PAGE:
EXPO 2022 | Aug 14-17 | Bally's Las Vegas

Vendor Relations Seminar

vendor relations 00006Club owners and operators order thousands of dollars of products and services for their club every month. But what are the keys to maximizing these relationships? Are you getting items for free, even getting money from your vendors? And how can you protect yourself and your club in the process? These are the subjects addressed by our “Vendor Relations” panel, which included Jordan Bass, co-owner of Babes clubs in New Orleans and New Jersey, David Boehm of Club Consultant Pro 2.0, and industry attorney Eric Bernstein.
Here, we’ve printed a selection of their seminar comments.

vendor relations 00140Jordan Bass

It’s our job to know all of our vendors personally. Can you text your vendors personally? Can you call them, do you know them on first-name basis? Take them out to lunch. You want to put real pressure on them? Take them all out together at the same time. We do that.
One vendor carries Grey Goose, one carries Absolut. Okay guys, what can you do for me? Now they’re in competition, right in front of you. Watch the show. Absolut said, we’ll give you a buy one case, get one case free. We took advantage of that. We also got promotional items. You should never be paying for straw holders, napkin holders, coasters, bar mats—ask for them. Some have their own printing company and will make them with your logo on it. You don’t know if you don’t ask.
There was a situation where we were solicited by a new tequila product. We met with the owner. Can you help us out? I put him on the spot. He gave us three cases. You’re never gonna know if you don’t ask—always ask. You want a build out? If they want to call it “xxx brand’s” vip section, why not? If they’re paying for it?!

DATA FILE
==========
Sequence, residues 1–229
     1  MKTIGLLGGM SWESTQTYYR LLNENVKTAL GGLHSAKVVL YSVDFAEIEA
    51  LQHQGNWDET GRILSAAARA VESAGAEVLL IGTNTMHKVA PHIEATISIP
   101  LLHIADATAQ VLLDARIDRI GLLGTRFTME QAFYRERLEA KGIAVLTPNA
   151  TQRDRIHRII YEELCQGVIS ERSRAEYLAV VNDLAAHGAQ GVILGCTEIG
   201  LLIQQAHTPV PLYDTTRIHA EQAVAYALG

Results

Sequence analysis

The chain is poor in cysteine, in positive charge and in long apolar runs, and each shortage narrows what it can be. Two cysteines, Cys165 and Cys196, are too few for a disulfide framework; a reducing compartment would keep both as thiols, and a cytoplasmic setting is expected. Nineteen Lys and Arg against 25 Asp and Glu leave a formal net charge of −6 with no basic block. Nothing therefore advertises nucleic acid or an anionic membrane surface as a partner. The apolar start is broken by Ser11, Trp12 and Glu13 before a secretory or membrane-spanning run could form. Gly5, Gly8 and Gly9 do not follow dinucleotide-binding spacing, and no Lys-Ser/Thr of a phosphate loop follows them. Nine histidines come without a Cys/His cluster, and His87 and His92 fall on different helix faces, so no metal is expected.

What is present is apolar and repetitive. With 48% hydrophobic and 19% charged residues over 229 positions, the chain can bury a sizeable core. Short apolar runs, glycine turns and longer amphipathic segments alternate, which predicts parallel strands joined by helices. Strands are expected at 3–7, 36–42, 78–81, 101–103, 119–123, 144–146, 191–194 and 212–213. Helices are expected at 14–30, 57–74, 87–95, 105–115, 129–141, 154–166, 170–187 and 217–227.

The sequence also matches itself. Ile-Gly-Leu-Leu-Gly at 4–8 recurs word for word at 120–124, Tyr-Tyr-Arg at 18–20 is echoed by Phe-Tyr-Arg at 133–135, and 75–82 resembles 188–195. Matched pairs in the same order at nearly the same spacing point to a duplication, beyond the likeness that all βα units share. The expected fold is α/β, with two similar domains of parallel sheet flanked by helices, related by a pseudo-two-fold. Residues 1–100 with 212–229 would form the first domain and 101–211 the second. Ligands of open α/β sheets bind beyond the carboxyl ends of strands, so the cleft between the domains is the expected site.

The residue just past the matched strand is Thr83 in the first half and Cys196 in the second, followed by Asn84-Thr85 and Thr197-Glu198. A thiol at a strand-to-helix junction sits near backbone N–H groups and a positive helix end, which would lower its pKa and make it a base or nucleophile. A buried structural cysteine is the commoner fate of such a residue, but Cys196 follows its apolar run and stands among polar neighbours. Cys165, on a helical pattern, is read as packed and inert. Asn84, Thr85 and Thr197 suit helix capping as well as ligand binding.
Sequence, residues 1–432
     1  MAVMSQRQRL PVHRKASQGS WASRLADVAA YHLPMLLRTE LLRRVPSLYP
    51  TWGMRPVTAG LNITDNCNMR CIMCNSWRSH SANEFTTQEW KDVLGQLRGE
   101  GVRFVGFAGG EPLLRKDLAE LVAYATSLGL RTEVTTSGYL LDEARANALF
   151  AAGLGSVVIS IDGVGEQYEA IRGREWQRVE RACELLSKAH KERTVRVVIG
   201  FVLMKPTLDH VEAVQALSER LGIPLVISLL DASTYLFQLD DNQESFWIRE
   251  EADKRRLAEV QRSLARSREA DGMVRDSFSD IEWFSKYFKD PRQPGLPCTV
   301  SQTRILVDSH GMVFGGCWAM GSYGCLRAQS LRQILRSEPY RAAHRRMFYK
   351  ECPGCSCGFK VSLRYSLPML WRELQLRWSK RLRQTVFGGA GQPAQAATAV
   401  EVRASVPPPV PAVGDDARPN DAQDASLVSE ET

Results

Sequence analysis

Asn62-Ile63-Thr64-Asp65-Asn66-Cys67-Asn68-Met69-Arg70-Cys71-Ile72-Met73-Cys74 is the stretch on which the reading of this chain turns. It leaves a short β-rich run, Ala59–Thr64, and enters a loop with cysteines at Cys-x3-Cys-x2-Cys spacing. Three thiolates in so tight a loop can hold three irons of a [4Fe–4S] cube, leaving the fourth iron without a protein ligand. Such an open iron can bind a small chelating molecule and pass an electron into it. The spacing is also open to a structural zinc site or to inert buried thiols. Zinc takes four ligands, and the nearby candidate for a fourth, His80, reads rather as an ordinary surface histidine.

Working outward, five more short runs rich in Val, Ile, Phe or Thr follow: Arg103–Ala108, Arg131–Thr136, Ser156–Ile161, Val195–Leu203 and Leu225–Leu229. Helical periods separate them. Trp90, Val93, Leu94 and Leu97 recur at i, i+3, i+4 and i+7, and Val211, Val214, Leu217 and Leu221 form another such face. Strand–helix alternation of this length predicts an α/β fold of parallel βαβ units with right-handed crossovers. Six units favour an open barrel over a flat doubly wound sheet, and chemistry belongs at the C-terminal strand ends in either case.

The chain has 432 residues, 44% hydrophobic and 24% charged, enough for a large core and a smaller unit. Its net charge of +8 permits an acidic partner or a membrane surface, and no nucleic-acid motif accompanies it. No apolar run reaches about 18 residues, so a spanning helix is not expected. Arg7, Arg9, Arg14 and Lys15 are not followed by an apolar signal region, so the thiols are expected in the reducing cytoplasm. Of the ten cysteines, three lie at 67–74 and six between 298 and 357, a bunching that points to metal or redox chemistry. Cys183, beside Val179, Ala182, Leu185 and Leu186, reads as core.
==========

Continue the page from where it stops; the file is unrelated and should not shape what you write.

We have a beer vendor that is paying for new beer tap systems, two free kegs for each line. I have to promote a beer special with those kegs, but it’s a win-win.
Ask vendors what they can do to help with your slow weeknights. Ask for event tickets that they have access to for giveaways, other door prizes, to help with those slow nights or slow times of the year.

vendor relations 00058David Boehm

I’m a vendor whore and I will use them against themselves. I have had them build out bars for me; Absolut vodka did that for me years ago, completely on their dime. If you use a brand like Red Bull, set up those accounts; they have kickback programs where you’ll receive quarterly checks (we get about $2,000). We have other helping to build bars for us right now.
I recently cut out a beer vendor because they wouldn’t have a sit down with me. This caused them to come right back and beg for our business back, and we let them back. It is absolutely possible to have your vendors help you with all of these things, and they pay for it.

thumb vendor relations 00202Eric Bernstein

How many of you authorize your people to sign contracts other than yourself? How many of you allow people to sign purchase orders, receipts, that the goods actually showed up? Do you have a policy about contracts?
Every club, every company, needs to have a policy or a practice on how people are to deal with vendors. food and beverage, construction, etc. You are responsible for the actions of your employees. They are standing in the stead of the owner; by doing that, you are stuck with what they do for you. In the absence of a policy in writing, do they know and you know what the rules of engagement are?
If you’ve had construction at your club, did it come in on budget and on time? For a construction project, who is authorizing the change orders, approval for more money invested and last-minute decisions?  Do you have some junior-level manager sitting there, shitting their pants, trying to figure out how to handle this? You’ve left them with this responsibility, but do they know how to handle a situation like this?
There is no such thing as an oral contract or a handshake agreement. You need to have your contracts, policies, purchase orders all of these things, in writing, or you set yourself up to serious legal exposure. Even something as simple as an email requiring a response from a vendor, make sure you date and time stamp it. And you should involve a lawyer in the drafting or review of these policies and contracts.

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